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Racism; The Greek Variety


Raptis

On October 21, 1999 my

wife and I attended the presentation of the latest book of a friend, in downtown

Athens. After the presentation, at around 12 midnight, the author invited five

or six of us to dinner at a nearby tavern. My wife was not feeling well, so we

excused ourselves and started walking towards our car, parked about four blocks

away. The others took the opposite direction towards the tavern. As they were

entering into the tavern they heard gunshots coming from not very far. They

looked down the, at that time deserted, street, but could not see anything

unusual. My wife and I heard nothing as we had already walked the few blocks at

the opposite direction.

The shots came from a

handgun held by a 23-year-old white male in military fatigues named Pandelis

Kazakos, a Greek, working as a security guard at the state-owned broadcasting

network. There were three shots. The three bullets hit the back of a 34-year-old

black male, Abdul Tsimoti, a Nigerian immigrant.

Kazakos walked away down

the street and after covering a distance of a few blocks he spotted, through the

open window of a ground floor apartment, Ahmet Mesa, a 34-year-old Pakistani.

Kazakos shot Mesa three times ,through the window. It was 12:15 past midnight.

Mesa, although heavily wounded, managed to call the police and describe Kazakos.

Kazakos walked away and

after covering a distance of five blocks in about 15 minutes he shot a white

male, George Kudesiani, 30, a Georgian (east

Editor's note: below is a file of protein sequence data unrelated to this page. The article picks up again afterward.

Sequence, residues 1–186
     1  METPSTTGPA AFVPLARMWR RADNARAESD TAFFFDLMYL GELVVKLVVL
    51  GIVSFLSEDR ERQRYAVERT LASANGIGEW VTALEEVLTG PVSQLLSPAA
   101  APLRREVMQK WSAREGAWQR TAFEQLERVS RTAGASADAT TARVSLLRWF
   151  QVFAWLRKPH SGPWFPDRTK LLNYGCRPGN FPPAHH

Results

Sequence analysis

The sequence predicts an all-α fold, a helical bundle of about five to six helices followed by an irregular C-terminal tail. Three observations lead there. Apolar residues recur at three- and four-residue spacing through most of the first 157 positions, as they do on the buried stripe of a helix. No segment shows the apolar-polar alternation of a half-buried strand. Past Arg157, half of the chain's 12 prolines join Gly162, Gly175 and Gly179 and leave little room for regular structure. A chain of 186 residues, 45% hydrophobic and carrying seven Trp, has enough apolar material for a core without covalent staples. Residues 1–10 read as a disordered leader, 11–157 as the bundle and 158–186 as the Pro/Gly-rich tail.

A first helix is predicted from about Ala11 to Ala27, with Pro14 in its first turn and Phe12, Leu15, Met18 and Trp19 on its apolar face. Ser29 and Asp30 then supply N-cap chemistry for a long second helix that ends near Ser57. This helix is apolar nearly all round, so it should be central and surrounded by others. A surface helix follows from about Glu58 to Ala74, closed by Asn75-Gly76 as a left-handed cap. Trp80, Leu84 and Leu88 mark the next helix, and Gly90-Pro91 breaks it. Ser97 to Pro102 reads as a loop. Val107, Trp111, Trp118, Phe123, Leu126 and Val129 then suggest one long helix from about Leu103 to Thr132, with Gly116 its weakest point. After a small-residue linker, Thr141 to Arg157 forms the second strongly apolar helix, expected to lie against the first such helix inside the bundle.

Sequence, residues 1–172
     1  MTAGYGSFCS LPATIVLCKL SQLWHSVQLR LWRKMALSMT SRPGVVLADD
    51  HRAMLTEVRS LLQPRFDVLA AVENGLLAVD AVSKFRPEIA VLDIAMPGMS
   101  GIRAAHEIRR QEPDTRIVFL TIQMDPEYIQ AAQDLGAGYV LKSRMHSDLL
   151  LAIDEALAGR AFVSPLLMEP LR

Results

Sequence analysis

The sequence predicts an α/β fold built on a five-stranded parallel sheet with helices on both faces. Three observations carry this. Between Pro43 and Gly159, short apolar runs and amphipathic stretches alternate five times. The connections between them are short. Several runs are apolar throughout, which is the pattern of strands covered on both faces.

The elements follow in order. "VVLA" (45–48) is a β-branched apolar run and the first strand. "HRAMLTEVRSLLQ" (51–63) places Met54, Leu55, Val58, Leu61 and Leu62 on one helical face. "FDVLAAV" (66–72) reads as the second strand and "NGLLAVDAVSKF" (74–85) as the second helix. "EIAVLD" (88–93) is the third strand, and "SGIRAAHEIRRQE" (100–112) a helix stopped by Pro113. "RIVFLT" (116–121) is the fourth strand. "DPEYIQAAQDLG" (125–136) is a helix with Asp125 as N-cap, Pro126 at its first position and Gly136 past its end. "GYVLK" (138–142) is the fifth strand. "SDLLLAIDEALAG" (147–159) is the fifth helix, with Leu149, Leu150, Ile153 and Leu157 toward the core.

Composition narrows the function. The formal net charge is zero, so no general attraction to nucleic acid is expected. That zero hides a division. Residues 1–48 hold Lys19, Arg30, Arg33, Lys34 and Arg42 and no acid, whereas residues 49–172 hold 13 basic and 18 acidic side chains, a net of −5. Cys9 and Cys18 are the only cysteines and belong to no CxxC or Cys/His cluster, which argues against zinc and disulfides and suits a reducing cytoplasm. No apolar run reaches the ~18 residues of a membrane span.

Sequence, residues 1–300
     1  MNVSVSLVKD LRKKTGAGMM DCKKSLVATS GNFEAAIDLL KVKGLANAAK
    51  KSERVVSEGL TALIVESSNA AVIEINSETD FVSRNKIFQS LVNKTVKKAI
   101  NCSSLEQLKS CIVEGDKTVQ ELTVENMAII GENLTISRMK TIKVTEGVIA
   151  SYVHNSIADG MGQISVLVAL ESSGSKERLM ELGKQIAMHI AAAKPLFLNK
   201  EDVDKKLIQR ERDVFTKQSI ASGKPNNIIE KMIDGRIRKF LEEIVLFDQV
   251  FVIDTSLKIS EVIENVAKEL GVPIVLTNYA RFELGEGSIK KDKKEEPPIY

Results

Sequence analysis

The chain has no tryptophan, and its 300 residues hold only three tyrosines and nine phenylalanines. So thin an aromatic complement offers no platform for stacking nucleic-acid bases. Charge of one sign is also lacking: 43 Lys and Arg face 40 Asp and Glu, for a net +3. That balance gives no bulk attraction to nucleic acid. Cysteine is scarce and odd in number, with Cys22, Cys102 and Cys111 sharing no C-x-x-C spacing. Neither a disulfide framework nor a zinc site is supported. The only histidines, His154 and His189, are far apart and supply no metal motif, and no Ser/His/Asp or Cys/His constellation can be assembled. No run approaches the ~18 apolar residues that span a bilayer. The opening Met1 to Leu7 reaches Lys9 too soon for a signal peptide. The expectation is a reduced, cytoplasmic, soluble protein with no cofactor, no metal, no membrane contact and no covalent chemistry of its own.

European) national,

killing him instantly. The time was 12:30 past midnight.

Then, Kazakos walked a

distance of about 800 yards to Omonia Square, the center of downtown Athens (the

watering hole of immigrants and junkies during the last 10 years). He stayed

there for about a little more than three hours. There he met a young Greek,

Apostolos Apostolou, 22, a junkie. Eager to impress Apostolou, Kazakos, around 4

in the morning told him to follow him. After walking nine hundred yards form

Omonia Square Kazakos told his companion; "Now look" and he shot Aldi Saad, an

Egyptian, three times. A few minutes later Kazakos was arrested by the Police.

That was the post-midnight

part of the Kazakos murder rampage. The Kazakos "operation" had started about 3

hours before midnight. At 9:10 he shot in the back a black male, Kofie Tomi, 30,

a Ghanaian, a few hundred yards away from the spot of his last victim, the white

Georgian.

Forty minutes later, at

around 10:00, Kazakos shot Mohamed Emdi Danton, 28, A Bangladeshi, straight in

the face, about 100 yards away from the previous spot.

Yet, Kazakos did not start

his "undertaking" at 9:10 p. m. of Thursday, October 21. Two days earlier, on

Tuesday, October 19, around midnight, a white male shot three Kurds killing Abdi

Hosevi (through 2 shots in the back) and injuring Serif Hadel and Yosef Rasoul,

both around 25 years old. The place: near the spot of the shooting of Danton,

the Bangladeshi above. The Police, eager to close the case, assumed that the

white male was an Albanian, who settled a score with the Kurds. The white male

was Kazakos.

Kazakos on Thursday was

killing and injuring mostly people of color for almost 7 consecutive hours in an

area of about 15 hundred yards by 7 hundred yards. No one knows why it took the

Greek Police 7 hours to stop him. The policemen that arrested Kazakos expressed

their relief by declaring that "finally the Greeks have woken up." Meaning it

was about time to kill the nigger immigrants, etc. (PRIN, Oct. 24, 1999, p.1)

The TV screens and the

newspaper photos revealed Kazakos as a tall, well-shaped young man wearing a

huge, about 2.5 inches, (golden?) cross with the body of Christ sculpted in

three dimensions hanging on the cross.

Immediately after his

arrest Kazakos’ only concern was to know what the Greeks thought of him. He

persistently asked his father, who visited him in the jail, whether the Greeks

"considered him a hero or a murderer." We were told that his father disappointed